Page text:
On April 5, 2017 President Donald Trump stated in an interview with the New York Times that he would soon be making an announcement concerning the Davis-Bacon Act. He was asked about his infrastructure proposals and if he was going to touch Davis-Bacon and he answered stating he was going to make an announcement in two weeks.
During his campaign, one of Trump’s many promises was an estimated $1trillion infrastructure plan. Announced several times during the campaign as a way to stimulate job growth in America.
It has been nearly three weeks since the New York Times interview and an announcement is still yet to be made. Many are wondering will Trump lean far right with Republicans that have been trying to dismantle Davis-Bacon for years, or will he work with the unions and Democrats to help gain their support for his infrastructure plan?
For many years, Republicans have introduced various bills, the latest being the TIRE Act, to try and repeal Davis-Bacon.(The Davis-Bacon Act is a law that states workers performing duties on federally funded construction projects must be paid a prevailing wage.) In the past these bills have consistently lost steam or were voted down. The potential to repeal the Davis Bacon Act is now back in the spotlight especially since the promise of an announcement, and some feel it may be Trump’s next move to further deregulate the federal government.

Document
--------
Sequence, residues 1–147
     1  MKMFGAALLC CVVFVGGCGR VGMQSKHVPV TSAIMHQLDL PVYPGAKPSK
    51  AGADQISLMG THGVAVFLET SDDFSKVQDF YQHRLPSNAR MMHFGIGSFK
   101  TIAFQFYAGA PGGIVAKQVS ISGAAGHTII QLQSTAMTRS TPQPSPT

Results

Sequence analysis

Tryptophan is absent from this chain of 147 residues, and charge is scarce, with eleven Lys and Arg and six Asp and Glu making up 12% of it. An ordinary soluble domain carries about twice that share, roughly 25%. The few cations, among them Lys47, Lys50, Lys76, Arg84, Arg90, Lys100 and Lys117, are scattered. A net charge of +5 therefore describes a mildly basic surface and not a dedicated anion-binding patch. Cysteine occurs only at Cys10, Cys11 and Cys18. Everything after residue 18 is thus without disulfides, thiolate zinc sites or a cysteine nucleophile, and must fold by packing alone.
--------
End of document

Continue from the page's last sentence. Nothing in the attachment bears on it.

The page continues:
There are some who are very positive and feel Davis-Bacon is here to stay given the president’s previous meetings with union leaders. It would be smart for the president to keep things just the way they are with Davis-Bacon to keep the support of historically pro-DBA Democrats to back the infrastructure plan and to the success of the infrastructure project being done well. Still some predict Trump may have no other option than repealing Davis-Bacon if he wants to keep a spending conscience GOP on his side. A suspension of the Davis-Bacon Act is another possibility that many awaiting the announcement have been predicting. A suspension on Davis-Bacon has been enacted four times in the law’s history by previous Presidents George W. Bush in 2005, George H.W. Bush in 1992, Nixon in 1971 and Roosevelt in 1934.
There are theories of what is to come for Davis-Bacon on both sides bound to stir things up either way. Only time will tell as federal contractors, union leaders, skilled labor workers, and others await the President’s announcement on the Davis-Bacon Act and the new infrastructure plan.
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